Pancreatic Cancer Survival Rate By Stage


Pancreatic Cancer Prognosis And Survival

What is the Survival Rate of Pancreatic Cancer?

Pancreatic cancer is unique to every patient, and it is not possible for anyone to estimate exactly how long you will live with the disease. Survival depends on your current health, any other conditions you have and your general level of fitness. It also depends on the stage of your cancer when it is diagnosed.

What Is The Survival Rate For Pancreatic Cancer

Cancer survival rates are usually discussed in terms of 5-year relative survival, which refers to the proportion of patients still alive five years after diagnosis. Keep in mind that statistics like these are based on large groups of people and cannot predict what might happen with an individual patient.

In the United States, national data shows that 9.3% of people diagnosed with pancreatic cancer are alive after five years. Pancreatic cancer survival remains poor due to a number of factors, some of which include the lack of a reliable screening test for the general population and a high number of people with late-stage disease at diagnosis.

In addition, survival differs dramatically depending on the type of pancreatic cancer. For example, survival for pancreatic neuroendocrine tumors is significantly better than pancreatic ductal adenosarcoma. Recent treatment advances have led to increased survival when all treatment options including clinical trials are properly considered.

Is Pancreatic Cancer Curable

Increasing pancreatic cancer survival is the goal of medical researchers around the world. Pancreatic cancer, particularly the exocrine kind, is a life-threatening cancer, with a five-year survival rate of 8 percent.

When this cancer is diagnosed at an early stage, when malignant cells have not yet spread and the tumor can be removed surgically, the five-year survival rate is 32 percent. Roughly 1 in 10 patients are diagnosed at this stage.

If the cancer has spread to surrounding tissues or organs, the five-year survival rate is 12 percent.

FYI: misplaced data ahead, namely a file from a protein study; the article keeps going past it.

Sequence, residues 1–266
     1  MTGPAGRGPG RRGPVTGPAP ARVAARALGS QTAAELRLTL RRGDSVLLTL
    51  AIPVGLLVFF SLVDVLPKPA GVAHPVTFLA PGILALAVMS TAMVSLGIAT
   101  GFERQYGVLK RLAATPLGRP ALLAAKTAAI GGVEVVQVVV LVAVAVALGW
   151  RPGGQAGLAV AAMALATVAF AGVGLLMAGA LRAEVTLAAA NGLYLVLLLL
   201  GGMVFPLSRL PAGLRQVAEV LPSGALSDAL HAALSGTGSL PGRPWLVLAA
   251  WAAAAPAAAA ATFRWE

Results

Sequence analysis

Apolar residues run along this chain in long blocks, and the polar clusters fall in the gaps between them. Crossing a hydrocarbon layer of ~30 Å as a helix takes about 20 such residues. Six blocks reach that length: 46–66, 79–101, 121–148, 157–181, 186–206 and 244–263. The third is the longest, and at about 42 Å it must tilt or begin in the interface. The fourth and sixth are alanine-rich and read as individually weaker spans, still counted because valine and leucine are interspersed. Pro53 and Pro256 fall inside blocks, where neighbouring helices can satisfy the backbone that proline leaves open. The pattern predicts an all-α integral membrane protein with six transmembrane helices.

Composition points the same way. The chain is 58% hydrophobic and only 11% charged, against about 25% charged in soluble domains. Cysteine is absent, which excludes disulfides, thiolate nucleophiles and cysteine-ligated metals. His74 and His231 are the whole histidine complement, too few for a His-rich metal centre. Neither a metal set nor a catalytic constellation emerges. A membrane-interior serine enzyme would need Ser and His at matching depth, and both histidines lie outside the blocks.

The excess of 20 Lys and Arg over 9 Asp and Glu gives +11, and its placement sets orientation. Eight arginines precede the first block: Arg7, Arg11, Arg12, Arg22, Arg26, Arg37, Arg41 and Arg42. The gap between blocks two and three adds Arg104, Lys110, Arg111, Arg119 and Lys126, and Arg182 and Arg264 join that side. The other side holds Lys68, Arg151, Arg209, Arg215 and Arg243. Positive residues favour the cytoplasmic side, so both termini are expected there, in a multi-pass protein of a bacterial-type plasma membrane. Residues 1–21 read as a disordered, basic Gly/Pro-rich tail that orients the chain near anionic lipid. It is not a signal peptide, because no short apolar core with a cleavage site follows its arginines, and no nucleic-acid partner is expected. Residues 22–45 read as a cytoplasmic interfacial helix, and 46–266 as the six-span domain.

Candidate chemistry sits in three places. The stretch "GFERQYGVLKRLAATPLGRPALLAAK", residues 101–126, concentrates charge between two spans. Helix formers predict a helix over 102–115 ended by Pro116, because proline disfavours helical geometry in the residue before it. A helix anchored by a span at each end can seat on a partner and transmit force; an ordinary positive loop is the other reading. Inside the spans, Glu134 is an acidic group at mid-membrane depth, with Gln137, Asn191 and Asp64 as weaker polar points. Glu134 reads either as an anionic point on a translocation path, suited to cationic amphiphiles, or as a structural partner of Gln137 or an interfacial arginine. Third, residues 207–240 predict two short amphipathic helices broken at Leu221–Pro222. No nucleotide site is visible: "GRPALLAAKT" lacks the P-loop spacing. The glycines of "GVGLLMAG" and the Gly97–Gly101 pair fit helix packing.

A little more than half of all patients receive their diagnosis when the cancer has already metastasized to a distant part of the body.

Experts emphasize that these numbers are only averages and that some people live a lot longer than these statistics suggest. Age, overall health, and a persons individual response to treatment can all affect pancreatic cancer life expectancy.

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What Can Patients Do To Improve Their Chances

Pancreatic cancer patients who participate in clinical research have better outcomes. Seeing pancreatic cancer specialists, including healthcare professionals who focus on symptom management and supportive care also improves outcomes. And, patients who receive treatment based on their biology can live longer.

For all stages, the Pancreatic Cancer Action Network strongly recommends:

  • Clinical trials at diagnosis and during every treatment decision
  • Genetic testing for inherited mutations as soon as possible after diagnosis and biomarker testing of tumor tissue to help determine the best treatment options
  • Getting an opinion from a specialist, a physician who diagnoses and treats a high volume of pancreatic cancer patients
  • Symptom management and supportive care, provided early in your diagnosis as well as during and after treatment

Contact PanCAN Patient Services to learn more about these options.

How Is Pancreatic Cancer Diagnosed

Pancreatic Cancer Survival rates in England increase significantly in ...

Pancreatic cancer is diagnosed with a patient history and physical exam, along with tests such as:

  • Multiphase CT scan or a pancreatic protocol CT scan
  • CT-guided needle biopsy
  • Positron emission tomography scan
  • Percutaneous biopsy
  • Endoscopic biopsy
  • Can help determine what treatments might be useful
  • Family members of the patient may consider genetic counseling and testing
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    How Is The Stage Determined

    The staging system used most often for pancreatic cancer is the AJCC TNM system, which is based on 3 key pieces of information:

    • The extent of the tumor : How large is the tumor and has it grown outside the pancreas into nearby blood vessels?
    • The spread to nearby lymph nodes: Has the cancer spread to nearby lymph nodes? If so, how many of the lymph nodes have cancer?
    • The spread to distant sites : Has the cancer spread to distant lymph nodes or distant organs such as the liver, peritoneum , lungs or bones?

    The system described below is the most recent AJCC system, effective January 2018. It is used to stage most pancreatic cancers except for well-differentiated pancreatic neuroendocrine tumors , which have their own staging system.